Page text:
DTH van der Merwe Will Have to Watch History from the Sidelines
Written by: Mark Janzen
Photography by: Colin Watson
Coming off an injury he incurred over the summer months, the dominant Canadian winger has yet to find his way into the lineup with the Newcastle Falcons of the Aviva Premiership. He likely will soon enough, but for this weekend, he’ll be in skivvies come kickoff.
Instead, while his Falcons teammates trot onto the pitch in Philadelphia Saturday afternoon for their regular season match with the Saracens, van der Merwe might just have a few extra moments to let his mind wander. Perhaps a quick scan around Talen Energy Stadium might illicit a glimpse into what could be.
With England’s top rugby union competition coming across the Pacific Ocean for the second time in as many years – Saracens played London Irish in New Jersey last season – the idea of top tier professional rugby based in North America has once again swung to the forefront of conversation. Van der Merwe, who is part of the Falcons contingent in Philadelphia, is a game participant.
Photography by: Ryan McCullough
At this stage, he can only dream. Nevertheless, part of him does imagine the “what if?”
“I’d love to play in Canada,” says van der Merwe, who became Canada’s all-time leading try-scorer this past summer when he tallied his 25th try in the first of two World Cup qualifying matches with the USA. “It would be an amazing experience. It’s a beautiful place to live and obviously it’s my home. But the reality is, at the end of the day, it comes down to money.”
Doesn’t it always.
However, with this week’s regular season tilt between the Falcons and Saracens providing yet another piece of evidence that rugby is banging on North America's front door, it would seem the sport is indeed on the verge of taking a serious foothold within the continent’s sporting scene. How that will look in the near future is anyone’s guess.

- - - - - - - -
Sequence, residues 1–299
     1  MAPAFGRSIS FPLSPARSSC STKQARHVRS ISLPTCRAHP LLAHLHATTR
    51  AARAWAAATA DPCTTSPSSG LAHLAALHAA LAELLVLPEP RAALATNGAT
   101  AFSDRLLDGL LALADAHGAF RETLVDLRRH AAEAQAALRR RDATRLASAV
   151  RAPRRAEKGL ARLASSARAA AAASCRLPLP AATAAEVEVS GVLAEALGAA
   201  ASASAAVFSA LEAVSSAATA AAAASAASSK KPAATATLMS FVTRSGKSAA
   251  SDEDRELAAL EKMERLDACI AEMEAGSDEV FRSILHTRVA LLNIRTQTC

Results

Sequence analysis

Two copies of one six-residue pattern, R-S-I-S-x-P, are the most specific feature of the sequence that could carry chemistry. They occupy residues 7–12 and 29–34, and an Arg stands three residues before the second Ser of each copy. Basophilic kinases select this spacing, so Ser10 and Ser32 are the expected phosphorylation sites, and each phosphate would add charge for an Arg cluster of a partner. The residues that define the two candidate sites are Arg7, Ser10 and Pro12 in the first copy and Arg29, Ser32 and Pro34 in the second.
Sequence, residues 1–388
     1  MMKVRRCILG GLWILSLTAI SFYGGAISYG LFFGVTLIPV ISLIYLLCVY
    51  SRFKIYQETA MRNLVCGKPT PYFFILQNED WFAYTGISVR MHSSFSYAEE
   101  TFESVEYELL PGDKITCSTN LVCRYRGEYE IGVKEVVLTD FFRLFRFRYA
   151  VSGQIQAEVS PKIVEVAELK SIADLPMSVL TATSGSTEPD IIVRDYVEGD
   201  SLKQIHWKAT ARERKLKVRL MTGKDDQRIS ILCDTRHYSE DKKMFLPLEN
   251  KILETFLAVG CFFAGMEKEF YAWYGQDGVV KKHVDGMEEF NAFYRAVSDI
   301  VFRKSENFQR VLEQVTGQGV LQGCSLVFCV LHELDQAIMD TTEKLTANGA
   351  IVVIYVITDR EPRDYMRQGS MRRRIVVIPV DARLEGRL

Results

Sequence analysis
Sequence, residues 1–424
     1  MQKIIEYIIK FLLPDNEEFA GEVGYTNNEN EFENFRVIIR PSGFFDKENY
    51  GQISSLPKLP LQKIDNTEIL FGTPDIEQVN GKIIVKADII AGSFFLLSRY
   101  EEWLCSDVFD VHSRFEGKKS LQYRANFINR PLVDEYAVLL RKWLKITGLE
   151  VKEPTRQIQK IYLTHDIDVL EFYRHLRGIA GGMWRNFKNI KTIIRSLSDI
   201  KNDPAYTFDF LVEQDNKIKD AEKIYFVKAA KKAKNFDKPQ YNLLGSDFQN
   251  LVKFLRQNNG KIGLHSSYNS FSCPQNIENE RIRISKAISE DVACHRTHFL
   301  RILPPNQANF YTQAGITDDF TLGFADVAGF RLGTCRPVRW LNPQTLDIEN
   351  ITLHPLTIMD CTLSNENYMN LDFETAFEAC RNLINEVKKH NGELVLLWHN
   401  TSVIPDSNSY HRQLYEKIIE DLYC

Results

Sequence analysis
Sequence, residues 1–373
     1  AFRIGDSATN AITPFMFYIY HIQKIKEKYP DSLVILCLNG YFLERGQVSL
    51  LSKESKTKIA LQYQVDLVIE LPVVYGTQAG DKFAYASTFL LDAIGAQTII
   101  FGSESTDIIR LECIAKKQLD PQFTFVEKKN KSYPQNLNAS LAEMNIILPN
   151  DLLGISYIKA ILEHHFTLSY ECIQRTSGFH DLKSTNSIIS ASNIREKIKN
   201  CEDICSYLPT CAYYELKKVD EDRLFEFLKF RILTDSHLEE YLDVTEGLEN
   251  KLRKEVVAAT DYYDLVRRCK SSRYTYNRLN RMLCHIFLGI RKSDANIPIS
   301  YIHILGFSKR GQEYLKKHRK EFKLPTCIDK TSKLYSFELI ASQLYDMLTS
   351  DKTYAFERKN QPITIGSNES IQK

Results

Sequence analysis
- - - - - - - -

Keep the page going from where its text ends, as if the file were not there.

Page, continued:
Following on the heels of the failed PRO Rugby circuit, which ceased operations after its one and only season in 2016, and ahead of the launch of Major League Rugby, which is a USA-based circuit set to begin in 2018, the appetite for professional rugby seems rich. The execution will dictate success.
Further to the conversation is the possibility of inserting a Canadian or American side into an already existing elite level competition – the Pro14, which already has teams in Ireland, Italy, Scotland, South Africa and Wales, would seem to make the most sense. Either way, for van der Merwe, the next step needs to happen soon.
“I think it’s about time we come to the party,” he says.
In the wake of the Jaguares (Argentina) and Sunwolves (Japan) joining the Southern Hemisphere-based Super Rugby competition in 2016, North America is the final frontier.
“I think you just look at the results and the standings in World Rugby,” van der Merwe says. “Look at where Argentina is now. They’re pushing some of the big teams really hard and not long ago they were in the same position that we were. Then you see Japan and how well they’ve done with a pro league there.
“I think there are major opportunities to play in a professional league with European teams or Southern Hemisphere teams. Everyone has been talking about it for five years now, but I think something just needs to happen.”
When Saracens and Newcastle kickoff tomorrow afternoon, it’ll mark the first game of a four-year agreement with the Aviva Premiership and AEG in partnership with NBC Sports. Momentum is gathering.
Photography by: Michelle Quance
“These types of games are going to enhance that and maybe give a bit of sight to the future about what it could be like,” van der Merwe says - and hopes. “It’s something different and I think it’s quite exciting. We want to showcase rugby in North America.”
It would seem something is brewing. A very cautious excitement emanates from van der Merwe’s voice.
On Saturday, he, alongside Evan Olmstead and Jake Ilnicki – two other Canadian stars who are with Newcastle, but not playing in Philadelphia – will watch.
And, like the rugby community across the continent, they’ll wait.
It’s a good time to be a rugby fan in North America. If you have patience.